In relation to the question of whether the judge at the first hearing was right to hold that the administrators owed FTL no duty to protect it against losses caused by failure to ensure a purchaser pay royalties or enter into an accession deed, the Court of Appeal applied the test used for establishing whether directors or other agents are liable in tort for economic loss.
For personal liability to arise there must have been an assumption of responsibility to create a special relationship. The test for such assumption is an objective one, with the primary focus being on things said or done in light of the relevant contextual scene, with primary focus on "exchanges which cross the line". The Court of Appeal said that the judge at the first hearing had been correct to find that no special circumstances or relationship had existed.
It said that "all that happened here was what happened in hundreds of administrations every year. A creditor brought a particular problem to the attention of the administrator, who listened politely and said he would look into it. No promises were made nor are any alleged. All that is alleged is that Mr Turner believed that the Administrators would do as he asked".
The Court of Appeal confirmed that administrators act to achieve the best realisation of a company's assets for the benefit of all creditors and it would not have been open to the administrators of LMP to prefer the interests of one creditor over another - nor did the evidence suggest that they had ever intimated that they would do so. That Timis Mining had indicated that it may for commercial reasons have paid the royalty did not make any difference to the administrators' duty to obtain the best possible price. The Court of Appeal confirmed that similarly, as receivers of AMCL, Dickens and Downs owed a duty to the secured lender and had "no business risking the value they were getting for the mine by asking Timis to pay an expensive royalty".
The appeal judge said that the same position would have applied even if LMP or LMCL had express or implied obligations to procure that a purchaser pay the royalty - the administrators duty was to sell the assets for the benefit of all creditors and if they had asked Timis to pay the royalty the chances are it would have wanted to pay less for the mine. The judge described this as an "a matter of commercial reality of a kind that administrators face all the time" and that a full trial of the issues would not "change these hard, but essential, realities of commercial life".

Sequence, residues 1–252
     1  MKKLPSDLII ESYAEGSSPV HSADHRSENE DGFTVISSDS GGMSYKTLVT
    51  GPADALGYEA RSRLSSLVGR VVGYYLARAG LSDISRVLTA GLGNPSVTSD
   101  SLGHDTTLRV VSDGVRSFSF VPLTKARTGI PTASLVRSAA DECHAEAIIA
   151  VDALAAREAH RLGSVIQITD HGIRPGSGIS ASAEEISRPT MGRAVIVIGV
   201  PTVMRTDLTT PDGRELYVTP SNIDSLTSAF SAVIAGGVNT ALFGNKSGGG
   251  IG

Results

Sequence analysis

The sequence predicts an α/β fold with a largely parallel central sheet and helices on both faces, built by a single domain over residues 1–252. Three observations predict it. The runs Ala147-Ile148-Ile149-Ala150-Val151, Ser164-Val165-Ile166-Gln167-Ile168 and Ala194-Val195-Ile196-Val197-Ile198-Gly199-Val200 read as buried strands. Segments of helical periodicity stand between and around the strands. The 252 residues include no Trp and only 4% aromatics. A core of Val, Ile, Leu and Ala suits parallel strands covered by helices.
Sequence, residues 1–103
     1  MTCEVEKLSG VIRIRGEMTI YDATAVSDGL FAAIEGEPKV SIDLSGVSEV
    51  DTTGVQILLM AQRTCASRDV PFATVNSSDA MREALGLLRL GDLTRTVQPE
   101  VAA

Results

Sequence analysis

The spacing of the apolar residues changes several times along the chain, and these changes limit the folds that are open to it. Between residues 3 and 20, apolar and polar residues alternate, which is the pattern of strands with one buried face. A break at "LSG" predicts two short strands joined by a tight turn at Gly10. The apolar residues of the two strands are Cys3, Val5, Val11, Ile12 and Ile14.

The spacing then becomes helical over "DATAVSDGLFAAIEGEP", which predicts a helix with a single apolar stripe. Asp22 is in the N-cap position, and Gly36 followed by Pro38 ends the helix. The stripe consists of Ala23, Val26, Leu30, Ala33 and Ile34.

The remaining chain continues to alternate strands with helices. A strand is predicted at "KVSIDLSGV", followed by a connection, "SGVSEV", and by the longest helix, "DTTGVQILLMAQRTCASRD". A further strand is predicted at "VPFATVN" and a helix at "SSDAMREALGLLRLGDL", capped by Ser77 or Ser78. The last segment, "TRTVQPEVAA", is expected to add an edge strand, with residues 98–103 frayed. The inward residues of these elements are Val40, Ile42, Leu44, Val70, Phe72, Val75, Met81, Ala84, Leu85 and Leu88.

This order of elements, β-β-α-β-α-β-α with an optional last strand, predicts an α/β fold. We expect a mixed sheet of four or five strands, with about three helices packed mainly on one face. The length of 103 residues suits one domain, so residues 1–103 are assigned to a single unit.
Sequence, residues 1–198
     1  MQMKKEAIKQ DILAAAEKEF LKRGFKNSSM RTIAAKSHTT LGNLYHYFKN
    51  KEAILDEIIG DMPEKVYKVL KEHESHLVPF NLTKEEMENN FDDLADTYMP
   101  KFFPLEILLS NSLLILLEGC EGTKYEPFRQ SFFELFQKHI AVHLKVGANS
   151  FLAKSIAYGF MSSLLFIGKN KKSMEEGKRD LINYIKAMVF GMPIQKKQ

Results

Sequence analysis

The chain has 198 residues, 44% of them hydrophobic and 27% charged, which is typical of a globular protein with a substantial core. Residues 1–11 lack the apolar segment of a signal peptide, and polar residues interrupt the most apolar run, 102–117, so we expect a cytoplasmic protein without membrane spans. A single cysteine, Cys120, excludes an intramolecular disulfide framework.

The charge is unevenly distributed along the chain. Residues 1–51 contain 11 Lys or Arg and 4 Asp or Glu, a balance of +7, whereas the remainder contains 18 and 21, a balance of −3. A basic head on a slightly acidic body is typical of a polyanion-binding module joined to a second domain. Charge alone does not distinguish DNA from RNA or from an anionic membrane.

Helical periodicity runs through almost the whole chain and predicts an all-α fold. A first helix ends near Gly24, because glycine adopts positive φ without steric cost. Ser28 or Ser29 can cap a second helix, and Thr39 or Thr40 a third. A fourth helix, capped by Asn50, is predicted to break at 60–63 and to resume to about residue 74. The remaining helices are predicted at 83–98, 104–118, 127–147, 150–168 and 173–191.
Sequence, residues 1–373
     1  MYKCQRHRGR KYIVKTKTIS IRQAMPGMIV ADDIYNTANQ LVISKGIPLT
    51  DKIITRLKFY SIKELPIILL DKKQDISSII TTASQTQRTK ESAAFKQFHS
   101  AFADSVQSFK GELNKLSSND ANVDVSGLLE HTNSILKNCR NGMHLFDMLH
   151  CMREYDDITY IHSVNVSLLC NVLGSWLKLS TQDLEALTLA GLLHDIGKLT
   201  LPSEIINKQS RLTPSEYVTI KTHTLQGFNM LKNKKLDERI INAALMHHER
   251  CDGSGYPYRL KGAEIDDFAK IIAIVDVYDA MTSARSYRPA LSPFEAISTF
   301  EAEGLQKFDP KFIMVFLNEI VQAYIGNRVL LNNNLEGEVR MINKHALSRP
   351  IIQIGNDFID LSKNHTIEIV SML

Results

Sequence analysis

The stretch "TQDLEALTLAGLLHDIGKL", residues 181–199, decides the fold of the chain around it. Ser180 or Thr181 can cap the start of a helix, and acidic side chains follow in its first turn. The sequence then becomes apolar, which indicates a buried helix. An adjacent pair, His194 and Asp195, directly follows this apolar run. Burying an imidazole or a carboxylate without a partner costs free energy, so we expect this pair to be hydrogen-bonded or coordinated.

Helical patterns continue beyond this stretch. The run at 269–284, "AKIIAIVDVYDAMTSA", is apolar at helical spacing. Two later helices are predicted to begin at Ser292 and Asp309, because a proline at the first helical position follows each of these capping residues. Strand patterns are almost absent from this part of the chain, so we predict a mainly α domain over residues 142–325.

In relation to the paragraph 74 claim, paragraph 74 allows a creditor to apply to court where it claims that it has been or will be unfairly prejudiced by the actions or proposed actions of the company’s administrator. The Court of Appeal confirmed that there could be no unfairness sufficient to engage paragraph 74 without the suggestion that the administrators were acting other than in accordance with their obligations under IA86. The Court of Appeal, found that the administrators of LMP were acting in good faith in carrying out their functions and, therefore, FTL could not have been unfairly harmed within the meaning of paragraph 74. Further the court noted that FTL was not claiming to be prejudiced in its capacity as a creditor – it had submitted a proof of debt for future royalties and been paid a dividend like every other creditor. Its complaint lay in the fact that the administrators did not assist it, in its private capacity, to obtain a new royalty contract. Had the administrators done that then FTL would have had a benefit not available to other creditors and it could have resulted in a lower sale price being realised for the mine.